Skip to page navigation menu Skip entire header
Brown University
Skip 13 subheader links

A Research Study to Evaluate Whether Routine Healthcare Checkups can be used to Increase Colorectal Cancer Screening Rates

Description

Abstract:
Abstract of A RESEARCH STUDY TO EVALUATE WHETHER ROUTINE HEALTHCARE CHECKUPS CAN BE USED TO INCREASE COLORECTAL CANCER SCREENING RATES, by MIRIAM GEORGE, Degree MASTER OF PUBLIC HEALTH, Brown University, May 2021. Objective: 1) To identify characteristics of adults who are accessing colorectal cancer screening services. 2)To use subgroup analysis to identify the subset of the population that accesses preventive services, such as annual checkups, but avoid specific cancer screening services. Methods: The study made use of the 2018 Behavioral Risk Factor Surveillance System (BRFSS) data, where over 2,57,000 U.S. residents are interviewed telephonically. Our study utilized variable selection methods such as StepAIC function, Lasso Regression and Ridge Regression. The three methods were compared using Area under the Curve (AUC) values. Finally, subgroup analysis was used to examine whether predictors of colorectal cancer screening were similar among those who had a checkup in the past 2 years versus those who did not get a checkup. Results: People who got a checkup in the past 2 years had a 75% increase in the odds of getting screened for colorectal cancer, compared to those people who didn’t get a checkup in the past 2 years in this sample [95% CI: 1.7 - 1.9]. Further, among people who got a routine checkup within the past 2 years, those with an inability to access healthcare due to cost had 10% decreased odds of accessing colorectal cancer screening, as compared to those without an inability to access healthcare due to cost [95% CI: 0.8- 0.9]. Conclusion: Participants who accessed prior preventive care services, during the previous 2 years or within a smaller time frame, have significantly higher colorectal cancer screening rates. The fact that variables associated with cost of screening, such as availability of healthcare coverage, income and employment, are significant predictors of colorectal cancer screening indicates that cost serves as a barrier to screening in this population. Therefore, we conclude that more policies should focus on providing free of cost or subsidized cost screening services. Policy Implications: The study suggests that policies that promote annual checkups and free access to them, could upsurge gains through early disease detection and improved health outcomes obtained through increased delivery of colorectal cancer screening.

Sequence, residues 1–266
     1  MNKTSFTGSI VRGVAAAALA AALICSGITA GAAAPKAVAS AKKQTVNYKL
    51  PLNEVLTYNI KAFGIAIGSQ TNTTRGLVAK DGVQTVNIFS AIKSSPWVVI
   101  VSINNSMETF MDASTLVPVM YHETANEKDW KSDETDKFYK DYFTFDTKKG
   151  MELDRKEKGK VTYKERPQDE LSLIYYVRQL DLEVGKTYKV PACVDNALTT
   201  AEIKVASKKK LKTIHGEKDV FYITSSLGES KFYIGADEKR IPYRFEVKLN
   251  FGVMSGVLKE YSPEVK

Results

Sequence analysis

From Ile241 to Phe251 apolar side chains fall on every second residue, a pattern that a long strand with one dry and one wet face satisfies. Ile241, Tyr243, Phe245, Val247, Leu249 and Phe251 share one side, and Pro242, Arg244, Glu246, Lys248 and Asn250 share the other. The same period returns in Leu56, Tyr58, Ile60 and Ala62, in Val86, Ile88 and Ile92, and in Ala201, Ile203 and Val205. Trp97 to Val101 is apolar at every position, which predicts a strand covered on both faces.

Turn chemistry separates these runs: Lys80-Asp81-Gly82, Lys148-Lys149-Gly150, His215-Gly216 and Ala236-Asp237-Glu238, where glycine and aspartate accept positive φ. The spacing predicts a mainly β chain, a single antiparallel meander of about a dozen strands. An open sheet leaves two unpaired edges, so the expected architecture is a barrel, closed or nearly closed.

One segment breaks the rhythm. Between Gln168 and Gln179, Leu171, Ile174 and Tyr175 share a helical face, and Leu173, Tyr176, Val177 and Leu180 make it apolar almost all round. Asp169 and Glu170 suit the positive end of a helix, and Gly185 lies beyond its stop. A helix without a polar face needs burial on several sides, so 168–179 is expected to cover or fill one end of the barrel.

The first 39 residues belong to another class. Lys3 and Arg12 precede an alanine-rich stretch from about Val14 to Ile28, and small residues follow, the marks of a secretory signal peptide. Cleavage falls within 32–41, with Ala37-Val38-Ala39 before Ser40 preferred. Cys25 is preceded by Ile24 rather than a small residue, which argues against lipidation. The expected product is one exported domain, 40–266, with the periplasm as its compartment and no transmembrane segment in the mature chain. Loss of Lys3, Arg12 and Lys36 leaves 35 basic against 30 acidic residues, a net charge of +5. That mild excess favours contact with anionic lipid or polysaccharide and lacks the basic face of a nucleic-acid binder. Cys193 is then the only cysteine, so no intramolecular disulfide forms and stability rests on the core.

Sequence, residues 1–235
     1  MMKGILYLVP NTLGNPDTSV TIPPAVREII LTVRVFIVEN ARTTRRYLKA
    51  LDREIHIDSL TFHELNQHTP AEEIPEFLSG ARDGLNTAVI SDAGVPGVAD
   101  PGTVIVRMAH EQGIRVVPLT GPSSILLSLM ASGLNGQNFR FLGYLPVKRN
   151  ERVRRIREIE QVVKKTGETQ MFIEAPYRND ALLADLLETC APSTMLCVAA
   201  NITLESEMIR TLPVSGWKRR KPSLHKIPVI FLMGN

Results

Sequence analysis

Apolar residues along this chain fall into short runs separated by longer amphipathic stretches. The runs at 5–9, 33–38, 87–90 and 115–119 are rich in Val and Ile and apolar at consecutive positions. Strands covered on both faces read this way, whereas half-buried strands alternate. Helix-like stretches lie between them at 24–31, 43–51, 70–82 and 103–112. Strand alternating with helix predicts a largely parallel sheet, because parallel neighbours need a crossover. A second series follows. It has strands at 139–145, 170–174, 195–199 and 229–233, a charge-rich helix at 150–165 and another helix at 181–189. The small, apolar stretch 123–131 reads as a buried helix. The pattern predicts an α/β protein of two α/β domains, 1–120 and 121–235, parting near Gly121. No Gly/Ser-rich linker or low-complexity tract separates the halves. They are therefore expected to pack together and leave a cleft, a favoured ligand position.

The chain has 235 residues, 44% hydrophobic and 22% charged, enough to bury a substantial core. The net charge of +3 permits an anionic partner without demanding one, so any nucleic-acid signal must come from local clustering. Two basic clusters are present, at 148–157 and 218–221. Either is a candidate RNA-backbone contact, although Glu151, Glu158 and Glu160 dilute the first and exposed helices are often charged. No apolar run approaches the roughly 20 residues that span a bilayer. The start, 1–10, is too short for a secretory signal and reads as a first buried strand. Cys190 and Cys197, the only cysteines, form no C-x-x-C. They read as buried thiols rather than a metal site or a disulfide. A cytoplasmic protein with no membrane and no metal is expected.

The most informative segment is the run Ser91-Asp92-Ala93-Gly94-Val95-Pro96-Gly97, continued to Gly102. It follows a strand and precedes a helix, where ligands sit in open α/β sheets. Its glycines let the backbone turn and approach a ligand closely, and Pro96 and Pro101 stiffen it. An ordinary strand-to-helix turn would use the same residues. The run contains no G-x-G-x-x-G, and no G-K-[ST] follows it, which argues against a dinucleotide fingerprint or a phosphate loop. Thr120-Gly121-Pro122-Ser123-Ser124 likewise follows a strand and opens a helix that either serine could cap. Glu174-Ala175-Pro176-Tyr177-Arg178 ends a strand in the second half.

Notes:
Thesis (M. P. H.)--Brown University, 2021

Citation

George, Miriam, "A Research Study to Evaluate Whether Routine Healthcare Checkups can be used to Increase Colorectal Cancer Screening Rates" (2021). Public Health Theses and Dissertations. Brown Digital Repository. Brown University Library. https://repository.library.brown.edu/studio/item/bdr:qpdmp2ys/

Relations

Collection: